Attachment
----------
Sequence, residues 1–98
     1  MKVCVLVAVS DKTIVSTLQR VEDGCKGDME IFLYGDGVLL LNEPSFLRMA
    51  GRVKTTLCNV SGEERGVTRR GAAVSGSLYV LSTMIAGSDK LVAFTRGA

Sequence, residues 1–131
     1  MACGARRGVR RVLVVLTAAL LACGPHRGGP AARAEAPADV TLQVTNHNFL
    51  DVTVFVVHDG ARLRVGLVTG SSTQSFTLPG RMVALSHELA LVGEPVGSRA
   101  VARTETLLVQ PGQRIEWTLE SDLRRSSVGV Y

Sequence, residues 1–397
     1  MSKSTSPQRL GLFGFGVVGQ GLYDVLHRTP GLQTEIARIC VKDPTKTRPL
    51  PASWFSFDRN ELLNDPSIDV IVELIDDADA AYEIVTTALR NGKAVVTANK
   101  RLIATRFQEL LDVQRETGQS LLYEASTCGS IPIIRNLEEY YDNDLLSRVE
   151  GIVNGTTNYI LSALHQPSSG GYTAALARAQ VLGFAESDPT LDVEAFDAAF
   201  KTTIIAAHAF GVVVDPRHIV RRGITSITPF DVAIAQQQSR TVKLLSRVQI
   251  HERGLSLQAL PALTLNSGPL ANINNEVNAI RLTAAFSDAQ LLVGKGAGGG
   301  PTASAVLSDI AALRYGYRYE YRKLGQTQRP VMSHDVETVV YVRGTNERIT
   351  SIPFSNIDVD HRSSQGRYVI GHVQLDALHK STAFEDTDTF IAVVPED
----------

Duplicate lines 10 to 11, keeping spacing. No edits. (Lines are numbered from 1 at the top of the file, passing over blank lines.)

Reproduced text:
    51  PASWFSFDRN ELLNDPSIDV IVELIDDADA AYEIVTTALR NGKAVVTANK
   101  RLIATRFQEL LDVQRETGQS LLYEASTCGS IPIIRNLEEY YDNDLLSRVE